Can Scotland develop a positive approach to migration?

By Simon Barrow
August 17, 2013

Today (Saturday 17 August) two events of great significance for the future of Scotland as a welcoming society coincide, both in Edinburgh.

In the morning, the so-called Scottish Defence League, a clone of the EDL down south, go on the march – with many people mobilising against them to say that racism, xenophobia and fear of 'the other' should have no part in a present or future Scotland, whichever way the independence referendum goes.

Meanwhile, in the afternoon, as part of Just Festival 2013, the provocatively entitled conversation 'YES/NO Immigrants' takes place at St John's Church Hall (corner of Princes Street and Lothian Road, 2-3.30pm, £5).

The title recognises the polarised nature of the 'debate' in immigration which has been taking place in the UK for some time now, but will, I am sure adopt a different and much more positive tenor.

Indeed, the way migrants of all kinds are portrayed in the Westminster parliament, in the media and especially in tabloid newspapers in Britain, is little short of poisonous at times. The 'debate' is toxic and fearful.

Scotland, of course, has its own problems with sectarianism and xenophobia, but as UKIP leader Nigel Farage found out not so long ago, when he visited the Scottish capital, the anti-immigrant message is one most Scots reject, and the overall political conversation here has been rather more positive, it seems.

Nonetheless, the way migrants are treated and mistreated remains a key issue that NGOs, churches and other civil society groups, as well as the Scottish government, are concerned about.

There could be choppy waters ahead, however. In recent years, the country has needed to welcome people from different parts of the world here for economic and social reasons. But that does not mean that the forces of rejection and the tendency to blame the 'outsider' are not present and do not need to be faced and handled.

Becoming a welcoming society with a positive attitude to the mix and flow of people from a variety of backgrounds does not happen automatically or by default. It needs proactive, concerted action.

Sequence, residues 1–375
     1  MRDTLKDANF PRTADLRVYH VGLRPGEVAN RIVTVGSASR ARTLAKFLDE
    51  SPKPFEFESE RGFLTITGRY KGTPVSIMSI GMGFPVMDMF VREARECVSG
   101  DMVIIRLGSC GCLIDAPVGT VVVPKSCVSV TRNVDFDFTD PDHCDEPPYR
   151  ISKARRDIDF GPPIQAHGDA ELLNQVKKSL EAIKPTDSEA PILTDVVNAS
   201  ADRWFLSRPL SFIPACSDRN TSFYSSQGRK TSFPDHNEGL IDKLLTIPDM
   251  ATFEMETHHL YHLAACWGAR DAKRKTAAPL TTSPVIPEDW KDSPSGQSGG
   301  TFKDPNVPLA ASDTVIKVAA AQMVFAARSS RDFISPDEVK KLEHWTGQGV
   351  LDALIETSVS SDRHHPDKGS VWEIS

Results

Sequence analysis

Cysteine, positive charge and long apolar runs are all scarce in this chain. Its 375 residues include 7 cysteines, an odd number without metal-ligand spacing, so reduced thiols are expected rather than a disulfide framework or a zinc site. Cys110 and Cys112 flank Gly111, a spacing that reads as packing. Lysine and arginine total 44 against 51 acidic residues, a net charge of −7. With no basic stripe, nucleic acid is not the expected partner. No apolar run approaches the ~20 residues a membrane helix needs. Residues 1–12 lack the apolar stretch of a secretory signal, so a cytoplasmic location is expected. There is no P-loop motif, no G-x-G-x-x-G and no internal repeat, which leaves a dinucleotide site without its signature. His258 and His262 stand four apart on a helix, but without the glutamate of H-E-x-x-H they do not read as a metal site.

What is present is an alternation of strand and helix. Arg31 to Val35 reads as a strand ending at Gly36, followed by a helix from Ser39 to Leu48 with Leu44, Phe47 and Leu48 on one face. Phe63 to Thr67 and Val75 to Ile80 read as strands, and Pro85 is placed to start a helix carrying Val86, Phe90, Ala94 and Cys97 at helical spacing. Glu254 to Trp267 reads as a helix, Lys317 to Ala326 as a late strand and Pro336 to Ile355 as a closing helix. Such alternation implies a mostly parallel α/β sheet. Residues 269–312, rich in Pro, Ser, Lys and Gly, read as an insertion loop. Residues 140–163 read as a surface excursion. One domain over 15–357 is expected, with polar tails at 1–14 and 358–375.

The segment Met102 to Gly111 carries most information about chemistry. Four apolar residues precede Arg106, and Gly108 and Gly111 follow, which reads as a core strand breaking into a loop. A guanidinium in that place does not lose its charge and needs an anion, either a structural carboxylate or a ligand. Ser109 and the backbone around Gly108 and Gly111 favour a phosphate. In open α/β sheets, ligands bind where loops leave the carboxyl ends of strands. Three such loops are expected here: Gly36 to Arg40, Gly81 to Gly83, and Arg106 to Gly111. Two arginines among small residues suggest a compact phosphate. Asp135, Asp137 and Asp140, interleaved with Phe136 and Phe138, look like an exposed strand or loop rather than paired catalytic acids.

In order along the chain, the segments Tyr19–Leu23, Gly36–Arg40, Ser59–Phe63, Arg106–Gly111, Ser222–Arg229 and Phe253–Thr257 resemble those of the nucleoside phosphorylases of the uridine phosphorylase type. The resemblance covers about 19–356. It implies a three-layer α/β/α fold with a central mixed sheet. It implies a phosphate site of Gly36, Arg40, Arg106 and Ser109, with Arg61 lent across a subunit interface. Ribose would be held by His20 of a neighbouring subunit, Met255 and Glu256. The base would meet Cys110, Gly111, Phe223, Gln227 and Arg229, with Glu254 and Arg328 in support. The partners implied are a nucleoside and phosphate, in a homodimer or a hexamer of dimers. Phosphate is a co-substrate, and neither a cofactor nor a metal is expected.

These and other issues and questions are bound to come up this afternoon. So, how will an increasing rate of immigration into Scotland play out in the developing Scottish Independence Referendum discussion?

Can Scotland develop positive policies and outlooks on this question, whichever way the vote goes in September 2014? And what of the living conditions, economic and social / cultural contributions and aspirations of those coming to the country, both on a temporary basis and more long-term?

The speakers tackling these concerns will be Hanzala Malik MSP, Pat Elsmie (Migrants' Rights Scotland), Fiaz Khan (Council of Ethnic Minority Voluntary Sector Organisations Scotland), and Jon Busby and Joyce Juma Phiri (the Welcoming Association). The chair will be Denboba K. Natie (LINKNet).

The sponsors of the event all do vital ongoing work.

Migrants' Rights Scotland (http://migrantsrightsscotland.org.uk) works alongside migrants and their community organisations (MCOs) for a rights-based approach to migration, supporting their engagement in developing the policies and procedures which affect their lives in Scotland and in the UK.

Council of Ethnic Minority Voluntary Sector Organisations Scotland (CEMVO) was set up in April 2003, with the aim of building the capacity of Scotland's minority ethnic voluntary and community sector. CEMVO Scotland (http://www.cemvoscotland.org.uk) is a strategic partner of the Scottish Government with a network of over 600 ethnic minority voluntary sector organisations and community groups throughout the country.

The Welcoming project (http://thewelcoming.btck.co.uk/) brings together refugees, asylum seekers and people from Scottish and local minority ethnic communities.

The aim is to welcome newcomers, learn together and improve English language and literacy skills.

The project supports new migrants to get to know the local culture through outings, music, drama, visual arts and talks. There are visits from service providers in law, housing, employment and education.

Just Festival, also known simply as Just, runs from 2-26 August 2013. It is based at St John's Church, Edinburgh, and some 27 other occasional venues, and combines artistic and performance style events with conversations, talks, films, exhibits and other ways of exploring how to live together creatively in a mixed-belief society.

* Full booking details for the migration discussion here (http://tinyurl.com/n3hz2fq), or buy a ticket at the cash box office at the venue.

* For more information on Just Festival, visit http://www.justjust.org and http://justfestivalnews.blogspot.com

* Ekklesia is a sponsor of Just Festival. Our news, reporting and comment is aggregated at: www.ekklesia.co.uk/justfestival

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© Simon Barrow is co-director of Ekklesia and a media adviser for Just Festival. He is a strong advocate of migrants' rights.

Although the views expressed in this article do not necessarily represent the views of Ekklesia, the article may reflect Ekklesia's values. If you use Ekklesia's news briefings please consider making a donation to sponsor Ekklesia's work here.